When Margaret Thatcher died last week, I was surprised by the strength of feeling that event provoked in me. I might as well state now that I grew up in a working class family in Somerset under MT’s governance.
However I did not know her and I do feel for her family, her children and grandchildren for their loss. There will be no grave dancing or celebrations in my household. I will extend to them the same amount of sympathy and care, they would extend to my family when an elderly relative passes away.
Knowing that MT had shuffled off this mortal coil, however, took me back to my teenage years when my family was struggling with short-time working as my dad was a fabricator welder in manufacturing. But more than that, he’d been a coal miner, as had my grandfathers and my great grandfathers. I remember nothing good about the politics of that time for my family. I also remember the stranglehold of some of the trade unions, the closed shop attitude and I wasn’t keen on that either. It was a period of division and defiance.
However, I only expressed my views on my personal Facebook page and on a couple of business groups and the reaction was stark. Some treated me as I though I was a silly woman who couldn’t possibly understand the ‘bigger picture’ and some women started barking on about what a role model ‘Thatcher’ was for women. I respect most of their views but I don’t share them, I’m afraid.
Overall though, the divisive nature of the various debates which have hung around for days, reminded me of the strength of feeling MT could engender. Polar opposites appeared where none had existed before. It’s been very interesting and generated a feeling which existed very strongly in society during her reign.
My biggest disappointment has been hearing people suggest – as often happened in the 1980s – that because they’d been successful under MT (or any government for that matter), those who weren’t as rich or as successful must be lazy or scroungers.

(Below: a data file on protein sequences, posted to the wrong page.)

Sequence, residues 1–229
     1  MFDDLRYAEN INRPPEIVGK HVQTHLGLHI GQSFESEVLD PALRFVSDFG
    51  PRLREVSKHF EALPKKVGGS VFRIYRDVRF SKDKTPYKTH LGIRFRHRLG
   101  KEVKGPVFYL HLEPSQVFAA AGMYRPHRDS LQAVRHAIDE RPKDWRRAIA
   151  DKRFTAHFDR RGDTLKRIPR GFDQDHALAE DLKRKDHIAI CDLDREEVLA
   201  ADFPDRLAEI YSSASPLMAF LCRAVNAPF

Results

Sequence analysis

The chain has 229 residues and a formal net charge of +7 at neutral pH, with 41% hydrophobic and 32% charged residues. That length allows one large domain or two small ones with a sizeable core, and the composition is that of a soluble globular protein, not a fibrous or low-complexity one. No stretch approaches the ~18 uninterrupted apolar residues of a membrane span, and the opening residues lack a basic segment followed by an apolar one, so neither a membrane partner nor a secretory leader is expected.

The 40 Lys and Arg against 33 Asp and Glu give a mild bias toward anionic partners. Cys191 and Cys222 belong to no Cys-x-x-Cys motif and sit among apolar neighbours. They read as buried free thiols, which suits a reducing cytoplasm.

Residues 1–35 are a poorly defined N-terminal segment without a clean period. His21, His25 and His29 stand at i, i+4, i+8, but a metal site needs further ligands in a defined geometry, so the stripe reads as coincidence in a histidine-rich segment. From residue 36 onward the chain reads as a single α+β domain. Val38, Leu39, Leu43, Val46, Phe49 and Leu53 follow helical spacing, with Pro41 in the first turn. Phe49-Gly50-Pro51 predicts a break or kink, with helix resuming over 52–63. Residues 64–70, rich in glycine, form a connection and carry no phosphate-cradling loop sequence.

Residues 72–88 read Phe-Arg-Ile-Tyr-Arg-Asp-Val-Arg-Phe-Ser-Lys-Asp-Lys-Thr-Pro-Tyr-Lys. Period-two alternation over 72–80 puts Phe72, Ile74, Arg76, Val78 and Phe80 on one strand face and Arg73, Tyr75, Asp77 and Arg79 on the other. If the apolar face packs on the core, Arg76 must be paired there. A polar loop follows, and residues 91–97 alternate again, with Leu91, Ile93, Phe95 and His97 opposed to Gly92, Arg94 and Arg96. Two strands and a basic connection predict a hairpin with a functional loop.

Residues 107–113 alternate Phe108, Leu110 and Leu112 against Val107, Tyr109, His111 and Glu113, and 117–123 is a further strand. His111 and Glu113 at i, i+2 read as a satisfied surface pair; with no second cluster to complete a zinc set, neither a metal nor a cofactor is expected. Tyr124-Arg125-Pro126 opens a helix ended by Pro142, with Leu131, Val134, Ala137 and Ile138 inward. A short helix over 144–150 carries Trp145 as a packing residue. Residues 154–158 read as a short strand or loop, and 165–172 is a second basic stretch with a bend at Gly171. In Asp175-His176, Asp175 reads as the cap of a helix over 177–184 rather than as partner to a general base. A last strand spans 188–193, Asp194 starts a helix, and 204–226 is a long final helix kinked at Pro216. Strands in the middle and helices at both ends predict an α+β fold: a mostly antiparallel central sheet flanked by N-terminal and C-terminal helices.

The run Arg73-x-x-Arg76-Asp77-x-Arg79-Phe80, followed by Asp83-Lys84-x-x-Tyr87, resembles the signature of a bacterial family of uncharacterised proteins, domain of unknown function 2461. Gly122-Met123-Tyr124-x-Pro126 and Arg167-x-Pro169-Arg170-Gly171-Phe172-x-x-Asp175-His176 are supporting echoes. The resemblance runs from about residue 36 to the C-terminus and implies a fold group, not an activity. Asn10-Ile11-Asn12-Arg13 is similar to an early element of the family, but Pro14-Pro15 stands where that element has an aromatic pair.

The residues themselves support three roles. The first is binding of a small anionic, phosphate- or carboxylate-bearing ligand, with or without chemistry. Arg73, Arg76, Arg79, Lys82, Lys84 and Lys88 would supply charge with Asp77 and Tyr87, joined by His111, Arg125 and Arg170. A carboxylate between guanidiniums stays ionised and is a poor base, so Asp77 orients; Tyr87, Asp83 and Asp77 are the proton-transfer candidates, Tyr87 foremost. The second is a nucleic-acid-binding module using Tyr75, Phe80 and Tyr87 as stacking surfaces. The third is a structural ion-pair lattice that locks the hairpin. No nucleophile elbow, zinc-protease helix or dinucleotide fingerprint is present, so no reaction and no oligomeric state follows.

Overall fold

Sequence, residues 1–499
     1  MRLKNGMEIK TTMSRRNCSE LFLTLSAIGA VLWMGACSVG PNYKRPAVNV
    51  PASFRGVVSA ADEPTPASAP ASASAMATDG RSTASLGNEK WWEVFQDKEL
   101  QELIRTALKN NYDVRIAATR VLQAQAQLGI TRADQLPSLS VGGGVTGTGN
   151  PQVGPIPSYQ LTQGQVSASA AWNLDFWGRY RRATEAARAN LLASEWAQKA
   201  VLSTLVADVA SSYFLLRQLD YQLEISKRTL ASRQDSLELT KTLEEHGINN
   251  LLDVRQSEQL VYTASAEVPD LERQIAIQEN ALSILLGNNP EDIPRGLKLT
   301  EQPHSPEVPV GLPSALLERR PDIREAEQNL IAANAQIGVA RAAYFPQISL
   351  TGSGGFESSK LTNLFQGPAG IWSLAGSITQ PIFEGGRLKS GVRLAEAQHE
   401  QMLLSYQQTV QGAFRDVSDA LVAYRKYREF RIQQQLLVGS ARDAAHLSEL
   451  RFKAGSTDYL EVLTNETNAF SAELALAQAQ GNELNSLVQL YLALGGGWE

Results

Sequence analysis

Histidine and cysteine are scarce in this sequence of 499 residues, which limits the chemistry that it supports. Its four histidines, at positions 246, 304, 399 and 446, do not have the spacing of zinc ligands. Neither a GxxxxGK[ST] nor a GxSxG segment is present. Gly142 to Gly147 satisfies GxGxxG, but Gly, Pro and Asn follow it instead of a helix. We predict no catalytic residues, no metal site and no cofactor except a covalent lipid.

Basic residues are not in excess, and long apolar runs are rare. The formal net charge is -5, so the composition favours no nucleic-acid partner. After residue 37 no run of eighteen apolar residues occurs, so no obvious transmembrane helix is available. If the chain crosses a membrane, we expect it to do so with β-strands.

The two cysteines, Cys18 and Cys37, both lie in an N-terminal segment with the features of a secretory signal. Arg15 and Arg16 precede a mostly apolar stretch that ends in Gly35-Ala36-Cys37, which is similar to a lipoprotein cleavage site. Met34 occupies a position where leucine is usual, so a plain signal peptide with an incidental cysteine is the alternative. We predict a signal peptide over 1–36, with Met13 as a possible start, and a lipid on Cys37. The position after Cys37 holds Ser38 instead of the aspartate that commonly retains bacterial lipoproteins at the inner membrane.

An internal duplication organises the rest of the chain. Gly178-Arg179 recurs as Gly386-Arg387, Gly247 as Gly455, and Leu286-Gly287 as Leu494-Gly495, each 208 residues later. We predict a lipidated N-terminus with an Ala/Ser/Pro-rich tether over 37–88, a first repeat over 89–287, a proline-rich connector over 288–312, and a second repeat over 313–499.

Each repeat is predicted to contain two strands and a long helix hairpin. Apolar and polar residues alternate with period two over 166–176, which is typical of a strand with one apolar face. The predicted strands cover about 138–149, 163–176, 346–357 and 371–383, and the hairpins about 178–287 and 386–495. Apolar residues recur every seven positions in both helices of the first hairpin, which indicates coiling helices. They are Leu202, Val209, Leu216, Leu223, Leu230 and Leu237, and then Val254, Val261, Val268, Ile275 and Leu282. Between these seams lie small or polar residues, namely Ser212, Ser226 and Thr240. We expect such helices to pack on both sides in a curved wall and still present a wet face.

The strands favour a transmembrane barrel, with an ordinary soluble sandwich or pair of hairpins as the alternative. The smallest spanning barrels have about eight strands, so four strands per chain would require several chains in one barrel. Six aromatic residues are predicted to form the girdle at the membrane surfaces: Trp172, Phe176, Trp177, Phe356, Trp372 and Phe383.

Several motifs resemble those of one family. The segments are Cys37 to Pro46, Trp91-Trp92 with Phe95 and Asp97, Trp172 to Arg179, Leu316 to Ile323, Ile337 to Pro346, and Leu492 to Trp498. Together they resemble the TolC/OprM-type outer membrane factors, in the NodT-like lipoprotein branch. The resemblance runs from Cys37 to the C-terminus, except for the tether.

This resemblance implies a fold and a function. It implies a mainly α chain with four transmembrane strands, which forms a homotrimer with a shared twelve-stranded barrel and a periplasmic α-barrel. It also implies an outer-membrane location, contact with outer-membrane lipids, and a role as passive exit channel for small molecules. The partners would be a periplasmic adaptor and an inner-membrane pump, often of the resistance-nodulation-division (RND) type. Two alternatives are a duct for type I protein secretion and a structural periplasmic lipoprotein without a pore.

The ‘I’ve got this because I’ve worked hard’ line which always suggests others aren’t working as hard. That kind of line always tells me that a person has no clue what’s going on in wider society.
Personally I have no problems with success – good luck to those who have it and well done if they’ve worked hard for it. Some do, some don’t.
But many, many people (like my dad) work really hard, live hand to mouth and still need some extra support. Many people work hard but are in jobs which will never lead to more financial success. That doesn’t make the millionaire in the next village better – it just makes them different.
It’s this lack of compassion and empathy which staggers me. Often from people I thought were better educated than that. Better educated than me.
Thatcherism seems to give people permission to kick the homeless, the disabled, the poor when they are already down. It allows people to gloat over the misery of others.
I had a lovely talk with my Mum about this and I felt humbled by her response. As a wife with two children and a husband working short time in the 1980s, life was a struggle. She often cried because there wasn’t enough money coming in. She said that she feels at peace about MT – for her last week contained a day when a defeated, old lady was set free.
Her reasoning was that on the day MT had to walk out of Downing Street having been thrown out by her own – that was the day justice was done for our family.
If MT had been defeated by a new government coming in, there would have been room for maneouvre. But when you are thrown out by your own, so publicly and then replaced by someone so grey and colourless – that’s the ultimate in humiliation. For Mum, when MT died last week, she was honestly able to say Rest In Peace.